– The Ada village area. On the west coast road, continuing North on Road 70 after the junction with Road 2, you go through a mixed area of forest and agricultural land, with lots of places where forest has been cleared but overgrown by grass and shrub. This is prime Okinawa Rail habitat, and a bird may occur by the road at the edge of the grass, particularly at dawn and dusk. At a particular place (26.773315, 128.312652), i just turned off the main road into a side track and immediately flushed a rail that was foraging in the open. I stopped the car and stayed put, and the rail came back 4 times in 45 minutes, coming as close as 4 meters from the car. My impression is that this particular guy was used to people and probably got fed by photographers before.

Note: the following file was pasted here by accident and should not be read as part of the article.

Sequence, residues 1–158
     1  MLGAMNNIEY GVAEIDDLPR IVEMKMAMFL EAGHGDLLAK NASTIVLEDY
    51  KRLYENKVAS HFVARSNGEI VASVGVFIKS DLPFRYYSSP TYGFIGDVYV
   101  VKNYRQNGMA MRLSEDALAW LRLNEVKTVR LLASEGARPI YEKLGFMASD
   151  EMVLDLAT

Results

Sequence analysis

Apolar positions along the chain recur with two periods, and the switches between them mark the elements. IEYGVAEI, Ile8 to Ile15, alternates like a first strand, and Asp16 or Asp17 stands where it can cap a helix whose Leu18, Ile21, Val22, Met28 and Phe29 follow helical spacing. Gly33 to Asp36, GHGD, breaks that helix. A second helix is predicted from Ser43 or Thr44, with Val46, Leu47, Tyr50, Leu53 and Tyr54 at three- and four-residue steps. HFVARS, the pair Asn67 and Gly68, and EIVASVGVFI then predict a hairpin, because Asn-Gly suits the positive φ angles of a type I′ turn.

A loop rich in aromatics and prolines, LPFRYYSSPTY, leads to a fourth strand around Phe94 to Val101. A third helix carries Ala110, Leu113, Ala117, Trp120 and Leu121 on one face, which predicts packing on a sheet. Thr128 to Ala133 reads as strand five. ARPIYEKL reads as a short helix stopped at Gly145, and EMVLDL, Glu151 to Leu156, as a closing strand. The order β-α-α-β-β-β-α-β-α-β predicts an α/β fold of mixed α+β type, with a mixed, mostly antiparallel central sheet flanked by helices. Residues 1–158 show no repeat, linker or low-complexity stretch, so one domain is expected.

In addition, i did a 100 km loop around the Yanbaru area, going to Cape Hedo, the Northernmost point on Okinawa, and as far south as the Taito dam. A scenic road, especially on the underdeveloped West Coast, and i picked up a few birds such as Ryukyu Minivet perching on a wire, a flock of Ryukyu Green Pigeons feeding on roadside trees, and a few migrating Ospreys along the coast. My planned exploration of the area around Cape Hedo was unfortunately scrapped because of a huge stormy downpour, that lasted for several hours on my second day.